So my next task is to determine if “looking like a stick building” is a good thing or a bad thing.  I am already thinking of a few ways to break up the upper canopy over the sidewalk; maybe with color, maybe with some “up and down” or some “in and out” that will start to break up the 200′ long surface.  I will redesign it and see if it looks better or worse than its current “stick” form.

Some Architects will disagree with me, but design critique and input doesn’t have to come from an educated design professional.  If someone walks by a building and thinks “I like this”, isn’t THAT a success in some respect?

I’ve always tried to operate with the mantra, “How could this be better?”  There is always a better way to do something, but finding the balance of effort, time, budget, & literally just getting the job done, can be difficult sometimes.  I can sit a redesign a project forever, each time coming up with a “better” solution than the time before.  I would love to get paid for that:  endless ideas, unlimited budget. . . but clients tend to want their projects built and don’t have bottomless checking accounts.  “Design” becomes the successful balance of all of these factors, not necessarily just the look of the building.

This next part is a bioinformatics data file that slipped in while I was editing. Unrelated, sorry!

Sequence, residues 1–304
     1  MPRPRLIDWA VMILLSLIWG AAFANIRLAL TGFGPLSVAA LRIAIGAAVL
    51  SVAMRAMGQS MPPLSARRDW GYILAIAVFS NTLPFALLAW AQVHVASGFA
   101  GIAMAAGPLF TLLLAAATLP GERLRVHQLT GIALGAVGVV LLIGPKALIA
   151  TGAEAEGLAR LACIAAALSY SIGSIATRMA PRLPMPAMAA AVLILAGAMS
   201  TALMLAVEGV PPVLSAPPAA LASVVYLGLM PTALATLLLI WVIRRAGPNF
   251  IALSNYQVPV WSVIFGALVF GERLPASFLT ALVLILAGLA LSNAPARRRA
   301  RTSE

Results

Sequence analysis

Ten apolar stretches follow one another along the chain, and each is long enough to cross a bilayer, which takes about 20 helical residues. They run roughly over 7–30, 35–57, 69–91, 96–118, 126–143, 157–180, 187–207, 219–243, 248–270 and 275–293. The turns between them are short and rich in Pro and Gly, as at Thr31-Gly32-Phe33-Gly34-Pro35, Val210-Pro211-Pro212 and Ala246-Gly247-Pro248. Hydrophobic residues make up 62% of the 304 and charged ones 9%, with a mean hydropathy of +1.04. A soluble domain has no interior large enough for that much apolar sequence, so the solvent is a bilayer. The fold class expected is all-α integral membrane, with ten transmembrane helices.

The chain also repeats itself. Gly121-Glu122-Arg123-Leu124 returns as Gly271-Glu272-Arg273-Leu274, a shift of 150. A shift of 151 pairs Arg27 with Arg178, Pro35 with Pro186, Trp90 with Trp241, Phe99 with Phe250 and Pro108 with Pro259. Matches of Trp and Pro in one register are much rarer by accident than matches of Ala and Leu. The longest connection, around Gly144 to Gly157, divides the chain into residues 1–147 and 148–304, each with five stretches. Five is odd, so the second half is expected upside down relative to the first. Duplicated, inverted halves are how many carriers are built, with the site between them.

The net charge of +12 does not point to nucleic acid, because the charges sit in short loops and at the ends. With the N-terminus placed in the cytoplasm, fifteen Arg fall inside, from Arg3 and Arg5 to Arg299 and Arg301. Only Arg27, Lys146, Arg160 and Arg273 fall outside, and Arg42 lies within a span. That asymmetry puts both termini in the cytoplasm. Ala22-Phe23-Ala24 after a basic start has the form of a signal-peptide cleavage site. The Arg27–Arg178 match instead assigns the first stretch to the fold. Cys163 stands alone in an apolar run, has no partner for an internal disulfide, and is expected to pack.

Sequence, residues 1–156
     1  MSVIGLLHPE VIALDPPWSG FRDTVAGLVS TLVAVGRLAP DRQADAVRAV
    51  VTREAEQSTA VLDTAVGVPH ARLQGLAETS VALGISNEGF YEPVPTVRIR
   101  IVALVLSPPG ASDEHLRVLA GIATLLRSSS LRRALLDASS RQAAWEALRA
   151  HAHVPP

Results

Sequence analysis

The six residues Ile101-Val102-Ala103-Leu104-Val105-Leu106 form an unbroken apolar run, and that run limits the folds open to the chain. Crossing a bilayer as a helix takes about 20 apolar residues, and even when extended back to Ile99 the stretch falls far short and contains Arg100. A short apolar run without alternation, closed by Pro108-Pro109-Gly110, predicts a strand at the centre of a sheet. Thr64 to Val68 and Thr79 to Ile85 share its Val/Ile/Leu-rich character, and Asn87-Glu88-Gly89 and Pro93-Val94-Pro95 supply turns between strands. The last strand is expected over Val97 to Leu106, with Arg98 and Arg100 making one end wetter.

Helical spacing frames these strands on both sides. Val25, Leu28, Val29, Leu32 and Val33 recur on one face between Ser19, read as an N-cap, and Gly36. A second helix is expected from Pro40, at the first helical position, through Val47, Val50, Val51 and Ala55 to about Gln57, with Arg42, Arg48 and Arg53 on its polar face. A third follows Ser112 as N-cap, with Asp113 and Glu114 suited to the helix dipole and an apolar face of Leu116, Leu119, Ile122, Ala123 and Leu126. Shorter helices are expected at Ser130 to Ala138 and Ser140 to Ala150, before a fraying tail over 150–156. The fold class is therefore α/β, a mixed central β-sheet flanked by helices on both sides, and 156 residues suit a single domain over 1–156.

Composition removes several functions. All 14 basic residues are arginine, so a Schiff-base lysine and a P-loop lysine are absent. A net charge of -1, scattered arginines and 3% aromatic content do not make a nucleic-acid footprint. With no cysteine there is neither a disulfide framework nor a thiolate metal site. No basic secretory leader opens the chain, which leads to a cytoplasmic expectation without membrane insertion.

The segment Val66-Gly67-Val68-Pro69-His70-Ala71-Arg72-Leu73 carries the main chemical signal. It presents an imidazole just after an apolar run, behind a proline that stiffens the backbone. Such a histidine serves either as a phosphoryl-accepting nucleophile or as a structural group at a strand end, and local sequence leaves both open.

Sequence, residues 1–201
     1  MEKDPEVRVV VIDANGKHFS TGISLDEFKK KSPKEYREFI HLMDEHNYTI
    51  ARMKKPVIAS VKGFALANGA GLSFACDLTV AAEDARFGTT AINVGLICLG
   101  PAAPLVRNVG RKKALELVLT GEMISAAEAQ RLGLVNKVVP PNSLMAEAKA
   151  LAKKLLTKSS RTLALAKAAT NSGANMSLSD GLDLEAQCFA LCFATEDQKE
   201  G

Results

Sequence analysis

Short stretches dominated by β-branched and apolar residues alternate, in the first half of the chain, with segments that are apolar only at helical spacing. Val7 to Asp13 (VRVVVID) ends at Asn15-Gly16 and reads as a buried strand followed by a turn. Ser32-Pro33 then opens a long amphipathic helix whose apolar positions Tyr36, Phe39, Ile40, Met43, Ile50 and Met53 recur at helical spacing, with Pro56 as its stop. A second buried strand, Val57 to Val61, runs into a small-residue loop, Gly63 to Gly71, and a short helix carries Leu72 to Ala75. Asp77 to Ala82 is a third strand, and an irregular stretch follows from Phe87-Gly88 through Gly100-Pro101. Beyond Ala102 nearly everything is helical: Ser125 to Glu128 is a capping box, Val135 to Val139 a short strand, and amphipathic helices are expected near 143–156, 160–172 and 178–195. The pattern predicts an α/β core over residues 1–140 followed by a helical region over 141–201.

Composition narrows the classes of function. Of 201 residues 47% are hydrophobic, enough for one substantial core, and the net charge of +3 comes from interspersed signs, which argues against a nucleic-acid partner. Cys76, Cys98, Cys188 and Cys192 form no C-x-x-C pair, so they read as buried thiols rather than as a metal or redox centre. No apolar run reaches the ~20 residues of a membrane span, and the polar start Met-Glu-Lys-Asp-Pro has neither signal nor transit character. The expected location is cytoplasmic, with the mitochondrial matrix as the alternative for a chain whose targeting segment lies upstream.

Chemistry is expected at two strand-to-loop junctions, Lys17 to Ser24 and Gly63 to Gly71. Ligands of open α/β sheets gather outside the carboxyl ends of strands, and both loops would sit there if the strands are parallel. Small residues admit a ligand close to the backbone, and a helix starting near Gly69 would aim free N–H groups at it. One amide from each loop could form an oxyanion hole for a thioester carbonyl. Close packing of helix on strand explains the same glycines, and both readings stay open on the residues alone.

As we drive around, he asks, “Is that designed, Dad?”, pointing to a building.  Sometimes, my ‘yes’ or ‘no’ answer is enough.  I know that, at the moment, his interpretation of design is the aesthetic of something, and that’s ok.  I’ll wait a few years before imposing budgetary restrictions and timetables on his LEGO buildings!

In the building above, I think that so far we’ve reached a good balance of the factors.  Until it’s built, we’ll continue to tweak the look & the numbers while keeping an eye on how much time is passing.  Hopefully a successful effort for everyone.

Who decides if I know what I’m doing?

IMG_20151029_072457.jpg

I know that I’ve always wanted to be an Architect and a Dad.  I don’t remember asking to be a business owner or a parent.

Being a Dad is easy!  In fact, my wife did most of the work to grant me the title.  As soon as I held my son in my arms, I was a Dad.  Anyone can be a Dad. . . well, half of us, anyway.   I love being a dad.  Dad’s get to know things like the names of all of the new cartoon characters and they get to decide that maybe it’s not too late for ice cream.  Being a Parent is much harder.  Parents have to know things like “how many teaspoons of medicine”, and “what’s the weight limit on the car seat”.  A Dad crashes in the bed after roughhousing.  A Parent lies awake wondering if they’ve done everything right.

I see the same dichotomy in my professional life.  I love being an Architect.  Architects get to work with people & come up with ideas that solve problems.  Architects get to be creative and make the spaces and places we inhabit.  Business owners have insurance and pay taxes, and have to make sure there’s a “next job” on the way.  An Architect falls asleep thinking about how to make your building work (or maybe stays awake designing it).  A business owner lies down and stares at the ceiling, worrying about cash flow.